243 F.2d 725 (5th Cir. 1957), 16414, Cohen v. Pullman Co.
|Citation:||243 F.2d 725|
|Party Name:||I. T. COHEN, Appellant, v. The PULLMAN COMPANY, Appellee.|
|Case Date:||April 22, 1957|
|Court:||United States Courts of Appeals, Court of Appeals for the Fifth Circuit|
Joshua Jacobs, Cohen, Roberts & Kohler, Atlanta, Ga., for appellant.
Hugh Howell, Sr., Atlanta, Ga., for appellee.
Before HUTCHESON, Chief Judge, and TUTTLE and JONES, Circuit Judges.
HUTCHESON, Chief Judge.
The suit was in fraud and deceit for the recovery of $12, 500, alleged to have been paid by plaintiff as commissions in reliance upon defendant's verbal promise to sell plaintiff 28 1/2 acres in Atlanta, Georgia, with the buildings, structures, etc. thereon, together with $25, 000 exemplary damages.
The claim was that the promise was made by defendant with the fraudulent purpose and intention not to comply with it, and that, for having so made it, defendant is liable to plaintiff for the sum sued for.
The defenses, subject to a motion to strike the pleading and a motion for summary judgment, because on its face the petition shows that the claimed agreement is in violation of the statute of frauds in Georgia, Sec. 20-401, 1 were denials of the facts pleaded and the claims made.
Thereafter, plaintiff having, at the suggestion of the court, made a statement in writing:
'1. Plaintiff states that there are no written instrument, documents, memoranda or other writings which can prove the terms of an agreement between plaintiff and defendant for the sale of real property, which would be necessary to satisfy the Statute of Frauds, if this were an action for the enforcement of such a contract.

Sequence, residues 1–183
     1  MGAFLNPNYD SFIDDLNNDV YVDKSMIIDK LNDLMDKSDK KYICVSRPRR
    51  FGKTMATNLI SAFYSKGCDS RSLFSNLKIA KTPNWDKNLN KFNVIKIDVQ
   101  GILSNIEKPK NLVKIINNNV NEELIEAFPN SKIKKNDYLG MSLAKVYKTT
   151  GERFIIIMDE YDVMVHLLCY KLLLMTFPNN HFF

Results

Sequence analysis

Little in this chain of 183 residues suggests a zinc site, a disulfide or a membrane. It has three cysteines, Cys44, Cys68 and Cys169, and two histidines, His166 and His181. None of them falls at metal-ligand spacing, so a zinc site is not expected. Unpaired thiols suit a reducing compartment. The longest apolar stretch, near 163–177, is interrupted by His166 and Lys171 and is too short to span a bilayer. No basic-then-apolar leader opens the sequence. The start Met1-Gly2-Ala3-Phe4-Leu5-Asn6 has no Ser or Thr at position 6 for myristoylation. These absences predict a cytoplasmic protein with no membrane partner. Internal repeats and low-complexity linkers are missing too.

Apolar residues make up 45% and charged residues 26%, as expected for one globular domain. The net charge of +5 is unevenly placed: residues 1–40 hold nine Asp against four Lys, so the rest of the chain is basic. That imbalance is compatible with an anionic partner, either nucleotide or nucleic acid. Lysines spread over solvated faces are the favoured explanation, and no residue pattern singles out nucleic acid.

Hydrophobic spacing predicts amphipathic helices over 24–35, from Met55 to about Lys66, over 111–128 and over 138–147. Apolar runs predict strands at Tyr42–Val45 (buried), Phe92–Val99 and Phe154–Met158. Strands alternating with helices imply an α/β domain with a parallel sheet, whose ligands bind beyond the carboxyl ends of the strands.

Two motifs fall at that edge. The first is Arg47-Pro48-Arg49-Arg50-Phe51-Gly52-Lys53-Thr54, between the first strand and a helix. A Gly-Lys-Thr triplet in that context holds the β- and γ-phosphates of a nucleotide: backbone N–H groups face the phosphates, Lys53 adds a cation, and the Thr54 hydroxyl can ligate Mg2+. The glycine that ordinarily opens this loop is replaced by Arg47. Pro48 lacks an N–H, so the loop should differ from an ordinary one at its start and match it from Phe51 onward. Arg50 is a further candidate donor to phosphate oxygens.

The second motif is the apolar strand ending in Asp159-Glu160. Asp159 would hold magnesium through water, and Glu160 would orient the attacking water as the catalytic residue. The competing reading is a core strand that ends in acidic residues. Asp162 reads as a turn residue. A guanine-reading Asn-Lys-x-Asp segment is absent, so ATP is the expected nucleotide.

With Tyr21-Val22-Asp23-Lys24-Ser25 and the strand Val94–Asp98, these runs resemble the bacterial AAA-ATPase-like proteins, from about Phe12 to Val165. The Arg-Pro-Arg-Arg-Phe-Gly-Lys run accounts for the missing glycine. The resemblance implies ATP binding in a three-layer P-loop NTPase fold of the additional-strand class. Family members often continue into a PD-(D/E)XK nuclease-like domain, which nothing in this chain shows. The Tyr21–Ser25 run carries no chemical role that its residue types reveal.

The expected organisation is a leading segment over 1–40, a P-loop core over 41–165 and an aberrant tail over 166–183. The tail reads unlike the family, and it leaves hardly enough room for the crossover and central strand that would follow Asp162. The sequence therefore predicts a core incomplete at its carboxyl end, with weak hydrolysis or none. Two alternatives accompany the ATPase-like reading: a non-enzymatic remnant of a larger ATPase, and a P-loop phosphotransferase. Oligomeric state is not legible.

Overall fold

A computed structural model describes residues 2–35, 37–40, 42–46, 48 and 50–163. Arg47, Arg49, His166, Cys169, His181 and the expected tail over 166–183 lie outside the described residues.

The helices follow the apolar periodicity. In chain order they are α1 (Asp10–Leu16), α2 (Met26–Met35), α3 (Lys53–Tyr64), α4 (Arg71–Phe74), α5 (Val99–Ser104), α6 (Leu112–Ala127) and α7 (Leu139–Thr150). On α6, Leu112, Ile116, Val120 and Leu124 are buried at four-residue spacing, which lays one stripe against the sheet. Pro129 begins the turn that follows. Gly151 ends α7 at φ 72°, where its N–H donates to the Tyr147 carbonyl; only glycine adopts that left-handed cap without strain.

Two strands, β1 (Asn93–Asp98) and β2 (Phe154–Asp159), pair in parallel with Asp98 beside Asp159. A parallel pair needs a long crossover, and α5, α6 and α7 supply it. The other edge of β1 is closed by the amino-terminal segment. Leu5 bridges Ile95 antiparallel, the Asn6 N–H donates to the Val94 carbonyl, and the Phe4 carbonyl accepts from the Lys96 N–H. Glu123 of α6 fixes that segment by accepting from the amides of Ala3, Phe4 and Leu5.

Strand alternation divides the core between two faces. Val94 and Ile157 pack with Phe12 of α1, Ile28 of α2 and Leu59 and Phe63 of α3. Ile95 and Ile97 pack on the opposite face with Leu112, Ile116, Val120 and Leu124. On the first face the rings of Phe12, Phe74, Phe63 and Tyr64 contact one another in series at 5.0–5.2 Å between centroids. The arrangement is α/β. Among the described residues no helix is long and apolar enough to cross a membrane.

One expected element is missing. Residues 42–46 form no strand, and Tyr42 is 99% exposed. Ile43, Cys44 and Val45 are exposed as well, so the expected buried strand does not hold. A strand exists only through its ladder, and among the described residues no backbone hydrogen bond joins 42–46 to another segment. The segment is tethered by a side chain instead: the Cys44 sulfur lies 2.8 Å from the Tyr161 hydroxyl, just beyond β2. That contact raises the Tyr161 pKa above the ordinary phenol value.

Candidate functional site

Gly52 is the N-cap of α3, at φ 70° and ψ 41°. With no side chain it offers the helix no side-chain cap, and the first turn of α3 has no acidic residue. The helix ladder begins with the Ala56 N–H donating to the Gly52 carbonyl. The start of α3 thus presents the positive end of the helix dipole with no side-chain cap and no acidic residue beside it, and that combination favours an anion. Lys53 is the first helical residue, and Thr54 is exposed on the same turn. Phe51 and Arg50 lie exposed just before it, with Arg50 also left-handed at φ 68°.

'2. Plaintiff further states that this is a tort action for fraud and deceit, based on misrepresentation by defendant of a fact, which misrepresentation was relied on by plaintiff to his detriment. Plaintiff is not relying on a contract action, and is not claiming that he could recover on a breach of contract action.
'3. Plaintiff contends that the Statute of Frauds has no application to his tort cause of action based on fraud and deceit, and that evidence in writing of any contract is not a prerequisite thereto.
'4. Plaintiff further contends that as a matter of law, defendant who made a promise with no intention of keeping it at the time it was made is liable to plaintiff for damages caused by plaintiff's reliance, and that the Statute of Frauds is inapplicable thereto.'
and defendant having replied thereto, the district judge, for the reasons stated by him, 2 granted defendant's motion for summary judgment, and plaintiff has appealed.
Pointing out that he is not suing in contract for damages for the breach of an oral contract to sell real estate, but in tort for the damages sustained by him as a result of his reliance on appellee's fraud and deceit in making a promise to sell which when he made it he did not intend to perform, and, citing Georgia cases in claimed support, appellant insists that under the law of Georgia, where the transaction occurred, recovery may be had for damages resulting from reliance on such a promise, though the Statute of Frauds would prevent a suit on the contract for its breach.
Appellee, vigorously opposing this claim, insists that the Georgia law is not so written and that what appellant is undertaking to do is in effect to create an additional exception to those set out in the Georgia statute.
Both parties agree that there is no Georgia case dealing, on the precise facts, with the precise question presented here:
'Can appellant maintain an action for fraud and deceit to recover the damages sustained by him as a result of his reliance upon appellee's oral agreement to sell real property upon proof that appellee had no intention to perform at the time it made the agreement?'
Both agree, too, that for the answer resort must be had to the general principles laid down by the Georgia courts in construing and applying the Georgia Statute of Frauds.
Appellant, citing Coral Gables Corp. v. Hamilton, 168 Ga. 182, 147 S.E. 494, and Floyd v. Morgan, 62 Ga.App. 711, 9 S.E.2d 717, holding that, while it is true that generally there is no liability for a false promissory statement, it is also true that when a promise is made with no intention
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